This is an extension of the musings in the post Vinyl Records are Still Mind-Blowing Technology.
While thinking about vinyl albums and the blink-of-an-eye format switches that have occurred since, I realized how people have been turned into “Format Junkies.”
Now, I’m aware that it seems a bit strong to use that term. It might seem that this discussion immediately bends toward the audiophile and the cinephile/videophile looking to get 3 or 4 more quads per channel with the TK421 stereo system enhancement. But it’s about how everyone, and I mean everyone, is played the same way.
It’s always about chasing the “new high of the latest format.” And we were all hooked.
The First Taste
The first DVD that I ever watched, The Usual Suspects, was an odd experience. There was pixelation in the deep shadows. The color balances were off. Certainly there were aspects which were “better” than VHS, but the early adopters didn’t get quite the leap in experience they thought. As with any format switch, the differences in the first releases were on a questionably thin margin.
The same was true of CDs. The difference was in the physical properties of the item. Instead of big, clunky VHS tapes (side note: Beta was better quality!) or large non-portable vinyl albums, or the possible technical mishaps with magnetic tape, here was something that was easy to take with you that was “sure not to fail.” (It still did, with dirt and scratches, but hey.)
Of course the technology improves over time. The home video and audio systems available today outstrip the capabilities of movie theaters that exhibited some of the greatest landmark technical achievements in cinema history.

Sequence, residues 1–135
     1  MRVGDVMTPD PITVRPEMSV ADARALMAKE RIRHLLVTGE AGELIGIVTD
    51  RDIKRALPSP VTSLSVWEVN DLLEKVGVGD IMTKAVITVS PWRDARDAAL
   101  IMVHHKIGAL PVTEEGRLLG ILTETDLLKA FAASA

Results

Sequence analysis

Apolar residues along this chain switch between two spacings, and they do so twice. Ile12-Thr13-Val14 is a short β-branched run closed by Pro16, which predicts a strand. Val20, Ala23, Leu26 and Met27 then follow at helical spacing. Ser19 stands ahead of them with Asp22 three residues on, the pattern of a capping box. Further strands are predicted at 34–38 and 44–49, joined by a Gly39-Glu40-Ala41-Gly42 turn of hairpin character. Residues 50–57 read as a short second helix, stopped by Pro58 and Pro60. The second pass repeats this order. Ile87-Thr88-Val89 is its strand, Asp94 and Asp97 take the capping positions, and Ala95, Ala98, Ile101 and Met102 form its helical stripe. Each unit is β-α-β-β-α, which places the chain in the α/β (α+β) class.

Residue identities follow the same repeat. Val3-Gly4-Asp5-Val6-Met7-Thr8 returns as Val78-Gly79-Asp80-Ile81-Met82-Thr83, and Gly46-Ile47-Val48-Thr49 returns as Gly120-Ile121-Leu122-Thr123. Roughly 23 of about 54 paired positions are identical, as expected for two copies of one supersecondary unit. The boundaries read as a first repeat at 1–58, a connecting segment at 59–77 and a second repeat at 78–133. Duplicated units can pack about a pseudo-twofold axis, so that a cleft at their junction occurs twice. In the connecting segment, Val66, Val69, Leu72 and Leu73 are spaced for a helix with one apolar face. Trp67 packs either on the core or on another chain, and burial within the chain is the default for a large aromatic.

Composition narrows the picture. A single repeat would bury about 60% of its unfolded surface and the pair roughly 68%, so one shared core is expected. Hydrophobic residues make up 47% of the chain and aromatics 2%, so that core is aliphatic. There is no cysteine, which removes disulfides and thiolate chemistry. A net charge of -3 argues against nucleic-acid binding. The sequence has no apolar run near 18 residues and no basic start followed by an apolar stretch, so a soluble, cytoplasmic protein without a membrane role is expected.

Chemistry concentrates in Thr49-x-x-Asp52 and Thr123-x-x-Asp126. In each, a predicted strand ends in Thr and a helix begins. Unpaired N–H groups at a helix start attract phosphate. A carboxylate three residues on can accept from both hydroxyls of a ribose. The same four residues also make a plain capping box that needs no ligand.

I’m just saying it’s not half as important as we think.
I used to be a Format Junkie. Whatever latest tweaks or enhancements they advertised with a new edition or format, I was one of the first to snap up the new experience.
A VHS transfer of a favorite film that was produced to the specifications of the original camera operator’s assistant? You’d better believe I needed that post-haste.
Or maybe: “THIS DVD release is better than the one they released 3 years ago because the audio mix was done by the second cousin of the person who worked at the processing center that handled the movies for the studio that made this movie.”
It was never quite that ridiculous, but it bordered on it occasionally.
And then I broke somewhere along the way. Like smoking, I realized it was just another addiction. The difference is that while I still care about formats progressing and experiences improving…it has a different place in my life. They’re not going to stop making 4K televisions anytime soon, I can can “upgrade” once my current television stops working.
I think it’s why I have the attitude I do when one of my friends decides to “chastise” me because I’m so apathetic about the “quality of streaming” or “compression rate of mp3” versus the “quality of [CD/HD-DVD/Laserdisc/DVD/Blu-Ray/4K].”
It all depends on what my situation is at the time I’m consuming the content. Audio cassettes weren’t a great format, but they were darned convenient. (They also beat out 8 Track because they were more portable.)
And if I can pay $X a month to get a slightly-degraded library of movies to play with the touch of a button, as opposed to having to rent or own every damned thing I want to see, then that’s what I’ll do. I’ll just have to trust that the content will make up for having to suffer with a simple HD image and TV sound.
More to the point, I don’t care if I’m not seeing Christmas Vacation in the crispest picture quality. That movie is overrated anyway. Besides, once they start mutating our cells with ubiquitous 5G signals to turn us into lizard people, I’m sure the quality will catch up.
But I will buy the 4K release of any David Fincher film I want, thank you very much.
Coda: The Down Side of My Attitude
The worst part of my own attitude, actually, is that it gives companies even more power than before. The march of technology is putting us in a position that gives the added power to the companies to act as de facto censors.
Let me explain.
Once we’re weaned off physical media, and companies like Disney®©™ decide to migrate away from next-gen releases, then the companies will be able to make as many shadow edits to content as they’d like or drop things down the memory hole once social mores change.
Whether you think that’s a good thing, or a bad thing, it is most likely a thing, or sure to be one. I’m curious to see how quickly we find ourselves in the situation.